I didn’t expect to want to leave my old life behind just because I’d walked into the Grappone Toyota Auto Dealership in Concord, NH. I was perfectly happy with my life, my job, and the guy who fixed my car. (In fact, I’ve blogged about him before.)
But, the moment I stepped in the door, I felt calmer. And then I noticed the quiet and the pleasant smells. And then I saw the Internet Cafe outfitted with Apple computers, the free coffee, the free popcorn and the VERY helpful receptionists.
I wasn’t there to buy a car or have one serviced. I was attending a meeting at the far end of the building. This required me to walk by the office workers and some of the service technicians. Though they were in an open concept office smack in the middle of customer traffic, their work stations were quiet, welcoming and well-designed. I wondered if they would hire me.
I walked past another area with a kid’s play station, well-equipped and set apart from customers who were reading their newspapers. Upstairs was a grand piano that I assumed sometimes featured a pianist serenading the customers downstairs. The place felt like those mall areas of airports, or the waiting area of a modern hospital. Or both. In a good way. Like I said, I wanted to hang around a while.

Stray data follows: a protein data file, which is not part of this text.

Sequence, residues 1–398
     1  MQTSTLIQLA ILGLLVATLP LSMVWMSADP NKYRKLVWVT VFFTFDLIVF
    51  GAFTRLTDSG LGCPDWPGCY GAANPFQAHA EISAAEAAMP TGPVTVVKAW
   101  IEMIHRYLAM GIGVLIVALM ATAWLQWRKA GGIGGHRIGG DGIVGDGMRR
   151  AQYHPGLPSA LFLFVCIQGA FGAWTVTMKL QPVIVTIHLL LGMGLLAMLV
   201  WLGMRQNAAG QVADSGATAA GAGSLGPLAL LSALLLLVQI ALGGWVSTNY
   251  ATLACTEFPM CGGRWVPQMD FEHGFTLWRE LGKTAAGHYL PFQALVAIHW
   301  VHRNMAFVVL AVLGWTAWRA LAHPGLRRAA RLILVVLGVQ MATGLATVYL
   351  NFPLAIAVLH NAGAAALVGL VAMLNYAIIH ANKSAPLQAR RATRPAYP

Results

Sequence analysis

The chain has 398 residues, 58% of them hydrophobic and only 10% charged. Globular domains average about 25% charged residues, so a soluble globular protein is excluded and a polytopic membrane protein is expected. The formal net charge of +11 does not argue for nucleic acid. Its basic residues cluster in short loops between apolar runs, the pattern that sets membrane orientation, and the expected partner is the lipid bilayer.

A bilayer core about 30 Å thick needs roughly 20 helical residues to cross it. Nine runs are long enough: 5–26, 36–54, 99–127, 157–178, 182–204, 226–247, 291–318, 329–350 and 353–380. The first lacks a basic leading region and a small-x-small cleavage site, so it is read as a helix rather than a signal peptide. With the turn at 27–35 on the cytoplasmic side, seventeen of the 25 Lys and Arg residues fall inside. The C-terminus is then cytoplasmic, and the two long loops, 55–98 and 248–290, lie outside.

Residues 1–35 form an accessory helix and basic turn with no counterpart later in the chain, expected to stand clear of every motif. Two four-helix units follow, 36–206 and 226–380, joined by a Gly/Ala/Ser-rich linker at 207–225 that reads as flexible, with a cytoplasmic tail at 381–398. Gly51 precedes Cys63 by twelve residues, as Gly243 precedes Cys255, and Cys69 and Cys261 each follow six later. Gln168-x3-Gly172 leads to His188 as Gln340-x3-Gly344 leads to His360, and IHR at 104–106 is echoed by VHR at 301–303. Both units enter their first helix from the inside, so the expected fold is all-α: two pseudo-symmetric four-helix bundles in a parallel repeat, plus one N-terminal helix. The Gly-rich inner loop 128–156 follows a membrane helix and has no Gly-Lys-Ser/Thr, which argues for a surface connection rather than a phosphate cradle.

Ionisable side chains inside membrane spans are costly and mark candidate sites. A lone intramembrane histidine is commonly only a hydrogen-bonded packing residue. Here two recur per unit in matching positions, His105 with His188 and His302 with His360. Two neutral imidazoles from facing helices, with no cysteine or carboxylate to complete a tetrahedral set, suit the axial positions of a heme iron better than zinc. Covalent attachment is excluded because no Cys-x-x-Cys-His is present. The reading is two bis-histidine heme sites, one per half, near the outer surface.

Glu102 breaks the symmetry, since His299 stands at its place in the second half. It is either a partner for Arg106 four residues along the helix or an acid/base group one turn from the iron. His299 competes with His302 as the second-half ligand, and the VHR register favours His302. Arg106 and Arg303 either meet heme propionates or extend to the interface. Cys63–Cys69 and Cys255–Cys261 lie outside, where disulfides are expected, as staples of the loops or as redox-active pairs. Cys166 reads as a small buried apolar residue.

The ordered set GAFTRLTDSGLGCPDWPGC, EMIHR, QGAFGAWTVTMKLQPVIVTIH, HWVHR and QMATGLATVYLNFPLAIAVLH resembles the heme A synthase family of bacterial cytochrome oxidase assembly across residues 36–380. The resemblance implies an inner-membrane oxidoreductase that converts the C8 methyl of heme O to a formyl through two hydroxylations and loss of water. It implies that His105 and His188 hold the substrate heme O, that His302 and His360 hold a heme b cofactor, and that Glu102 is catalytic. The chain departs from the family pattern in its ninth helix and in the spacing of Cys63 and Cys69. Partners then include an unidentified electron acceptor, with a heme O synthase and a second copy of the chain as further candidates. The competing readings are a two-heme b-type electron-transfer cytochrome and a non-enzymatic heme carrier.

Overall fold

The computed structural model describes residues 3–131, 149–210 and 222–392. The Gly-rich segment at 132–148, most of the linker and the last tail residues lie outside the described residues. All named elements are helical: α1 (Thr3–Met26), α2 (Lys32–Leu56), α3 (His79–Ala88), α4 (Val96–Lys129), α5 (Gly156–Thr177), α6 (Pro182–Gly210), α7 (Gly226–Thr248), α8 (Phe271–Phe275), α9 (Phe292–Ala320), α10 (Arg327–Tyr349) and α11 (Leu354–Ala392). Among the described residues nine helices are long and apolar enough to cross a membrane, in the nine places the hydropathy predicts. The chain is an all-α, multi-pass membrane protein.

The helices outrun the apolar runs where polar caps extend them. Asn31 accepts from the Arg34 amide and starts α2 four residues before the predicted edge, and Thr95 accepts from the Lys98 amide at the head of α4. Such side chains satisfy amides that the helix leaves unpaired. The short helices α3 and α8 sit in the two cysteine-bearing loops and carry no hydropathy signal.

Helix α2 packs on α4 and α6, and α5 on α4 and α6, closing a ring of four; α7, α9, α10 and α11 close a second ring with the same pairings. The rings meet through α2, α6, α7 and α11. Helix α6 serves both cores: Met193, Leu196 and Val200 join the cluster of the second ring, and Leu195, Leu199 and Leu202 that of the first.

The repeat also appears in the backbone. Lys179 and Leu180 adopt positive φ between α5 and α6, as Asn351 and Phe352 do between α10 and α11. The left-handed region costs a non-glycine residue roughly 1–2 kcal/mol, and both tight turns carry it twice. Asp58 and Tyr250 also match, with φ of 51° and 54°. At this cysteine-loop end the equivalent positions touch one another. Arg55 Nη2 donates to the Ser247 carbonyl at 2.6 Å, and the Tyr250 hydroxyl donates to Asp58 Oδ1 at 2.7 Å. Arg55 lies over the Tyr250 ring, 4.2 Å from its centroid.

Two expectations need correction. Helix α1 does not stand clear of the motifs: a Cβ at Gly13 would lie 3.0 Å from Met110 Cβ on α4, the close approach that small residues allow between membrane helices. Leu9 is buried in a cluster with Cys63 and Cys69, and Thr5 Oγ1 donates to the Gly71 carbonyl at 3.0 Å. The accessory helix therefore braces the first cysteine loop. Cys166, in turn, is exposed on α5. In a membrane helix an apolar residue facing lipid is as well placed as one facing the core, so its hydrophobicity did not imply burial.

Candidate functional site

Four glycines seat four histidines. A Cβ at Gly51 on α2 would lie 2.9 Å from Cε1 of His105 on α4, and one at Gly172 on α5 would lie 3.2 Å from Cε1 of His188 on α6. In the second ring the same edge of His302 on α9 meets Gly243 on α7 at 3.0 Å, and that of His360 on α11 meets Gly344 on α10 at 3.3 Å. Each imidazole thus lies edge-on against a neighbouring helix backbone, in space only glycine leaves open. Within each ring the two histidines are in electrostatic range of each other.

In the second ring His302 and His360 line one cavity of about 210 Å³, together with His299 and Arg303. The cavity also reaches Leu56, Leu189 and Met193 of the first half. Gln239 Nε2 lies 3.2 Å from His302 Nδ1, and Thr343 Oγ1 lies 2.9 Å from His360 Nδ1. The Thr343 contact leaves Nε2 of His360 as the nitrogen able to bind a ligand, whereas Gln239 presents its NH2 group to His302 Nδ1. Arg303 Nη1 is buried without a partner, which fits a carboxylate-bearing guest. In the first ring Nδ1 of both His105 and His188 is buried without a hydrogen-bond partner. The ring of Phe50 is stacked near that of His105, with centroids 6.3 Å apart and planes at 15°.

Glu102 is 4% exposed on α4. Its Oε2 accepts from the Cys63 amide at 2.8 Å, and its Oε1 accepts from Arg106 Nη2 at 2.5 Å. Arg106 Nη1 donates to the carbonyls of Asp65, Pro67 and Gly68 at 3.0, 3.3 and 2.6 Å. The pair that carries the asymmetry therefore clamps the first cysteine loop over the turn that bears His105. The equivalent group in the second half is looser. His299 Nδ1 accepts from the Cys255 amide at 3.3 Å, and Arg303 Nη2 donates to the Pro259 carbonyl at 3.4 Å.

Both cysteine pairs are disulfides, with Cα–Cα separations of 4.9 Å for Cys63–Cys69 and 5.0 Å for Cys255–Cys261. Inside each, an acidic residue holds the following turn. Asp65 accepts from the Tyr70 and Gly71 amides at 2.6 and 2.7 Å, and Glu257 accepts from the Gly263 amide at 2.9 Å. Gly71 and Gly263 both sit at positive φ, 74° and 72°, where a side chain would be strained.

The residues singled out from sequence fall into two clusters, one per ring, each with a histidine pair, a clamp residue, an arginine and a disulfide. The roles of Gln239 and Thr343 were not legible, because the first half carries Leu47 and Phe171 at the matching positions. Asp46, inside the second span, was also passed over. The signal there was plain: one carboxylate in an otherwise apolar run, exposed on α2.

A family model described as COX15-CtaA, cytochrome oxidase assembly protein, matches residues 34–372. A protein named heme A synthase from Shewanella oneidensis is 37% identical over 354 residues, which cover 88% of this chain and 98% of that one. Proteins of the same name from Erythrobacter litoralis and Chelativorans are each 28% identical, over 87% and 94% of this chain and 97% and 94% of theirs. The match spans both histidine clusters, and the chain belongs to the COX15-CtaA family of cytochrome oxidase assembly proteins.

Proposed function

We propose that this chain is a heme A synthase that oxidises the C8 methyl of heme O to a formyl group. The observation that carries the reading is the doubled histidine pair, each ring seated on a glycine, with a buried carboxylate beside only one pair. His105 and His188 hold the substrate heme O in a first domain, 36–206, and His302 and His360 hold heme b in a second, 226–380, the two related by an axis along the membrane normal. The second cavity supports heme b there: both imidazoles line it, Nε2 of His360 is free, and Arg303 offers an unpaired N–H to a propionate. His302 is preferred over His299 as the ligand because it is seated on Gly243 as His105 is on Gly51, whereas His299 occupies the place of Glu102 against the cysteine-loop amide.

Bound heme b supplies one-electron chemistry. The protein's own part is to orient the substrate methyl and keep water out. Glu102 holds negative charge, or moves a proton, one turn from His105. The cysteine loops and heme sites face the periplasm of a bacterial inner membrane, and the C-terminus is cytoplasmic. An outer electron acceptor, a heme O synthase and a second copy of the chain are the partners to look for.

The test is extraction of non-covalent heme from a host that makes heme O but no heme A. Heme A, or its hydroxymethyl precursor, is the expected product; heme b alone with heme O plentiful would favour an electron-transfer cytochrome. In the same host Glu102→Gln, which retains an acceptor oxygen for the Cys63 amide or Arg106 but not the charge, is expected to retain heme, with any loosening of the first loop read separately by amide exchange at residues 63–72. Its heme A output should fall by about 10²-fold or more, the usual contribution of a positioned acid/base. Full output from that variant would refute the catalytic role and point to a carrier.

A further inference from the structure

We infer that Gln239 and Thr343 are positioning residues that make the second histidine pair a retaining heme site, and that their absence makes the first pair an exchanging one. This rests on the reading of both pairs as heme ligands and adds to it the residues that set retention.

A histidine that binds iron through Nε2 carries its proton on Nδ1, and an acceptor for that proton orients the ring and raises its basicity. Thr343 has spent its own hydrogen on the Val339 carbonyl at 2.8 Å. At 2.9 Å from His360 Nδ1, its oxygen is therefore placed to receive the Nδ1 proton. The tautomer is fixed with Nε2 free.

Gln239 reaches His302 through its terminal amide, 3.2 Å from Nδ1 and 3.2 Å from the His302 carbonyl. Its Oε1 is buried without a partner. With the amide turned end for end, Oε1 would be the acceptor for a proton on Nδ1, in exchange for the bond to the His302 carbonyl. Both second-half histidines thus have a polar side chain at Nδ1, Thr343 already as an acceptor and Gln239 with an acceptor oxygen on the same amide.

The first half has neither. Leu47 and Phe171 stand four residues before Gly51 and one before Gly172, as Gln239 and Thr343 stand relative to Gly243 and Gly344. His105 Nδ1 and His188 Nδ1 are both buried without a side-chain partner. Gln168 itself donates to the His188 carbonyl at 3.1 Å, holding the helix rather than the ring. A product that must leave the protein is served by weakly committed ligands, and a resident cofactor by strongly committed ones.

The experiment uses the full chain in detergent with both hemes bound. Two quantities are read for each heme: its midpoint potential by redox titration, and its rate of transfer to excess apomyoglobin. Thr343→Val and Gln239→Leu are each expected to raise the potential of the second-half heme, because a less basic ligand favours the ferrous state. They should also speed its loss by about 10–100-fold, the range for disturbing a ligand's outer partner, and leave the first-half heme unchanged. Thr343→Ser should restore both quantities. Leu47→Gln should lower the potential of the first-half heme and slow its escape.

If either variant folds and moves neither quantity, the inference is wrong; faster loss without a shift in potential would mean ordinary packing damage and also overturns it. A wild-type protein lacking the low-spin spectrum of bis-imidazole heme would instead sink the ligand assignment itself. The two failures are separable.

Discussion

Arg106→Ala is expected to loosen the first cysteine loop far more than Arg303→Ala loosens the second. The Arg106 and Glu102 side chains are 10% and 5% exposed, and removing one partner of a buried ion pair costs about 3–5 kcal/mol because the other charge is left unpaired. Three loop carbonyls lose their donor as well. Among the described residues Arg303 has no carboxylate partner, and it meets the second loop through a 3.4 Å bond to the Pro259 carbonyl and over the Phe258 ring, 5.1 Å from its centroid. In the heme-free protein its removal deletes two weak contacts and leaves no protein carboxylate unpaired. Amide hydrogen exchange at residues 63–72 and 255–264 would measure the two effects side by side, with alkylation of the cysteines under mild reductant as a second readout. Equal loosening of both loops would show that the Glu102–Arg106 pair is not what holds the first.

Clearly someone at Grappone had figured out that standing out from the crowd was the way to not only attract and keep customers, but also to attract and keep quality employees–I assume. At no other type of business, in no other building, had I ever felt so welcomed and comfortable. A car dealership?! Are you kidding me?
Clearly this company had made customer service and the customer experience a top priority.
I don’t need a new car, but maybe I can convince my husband we just need to go back there and shop for one anyway.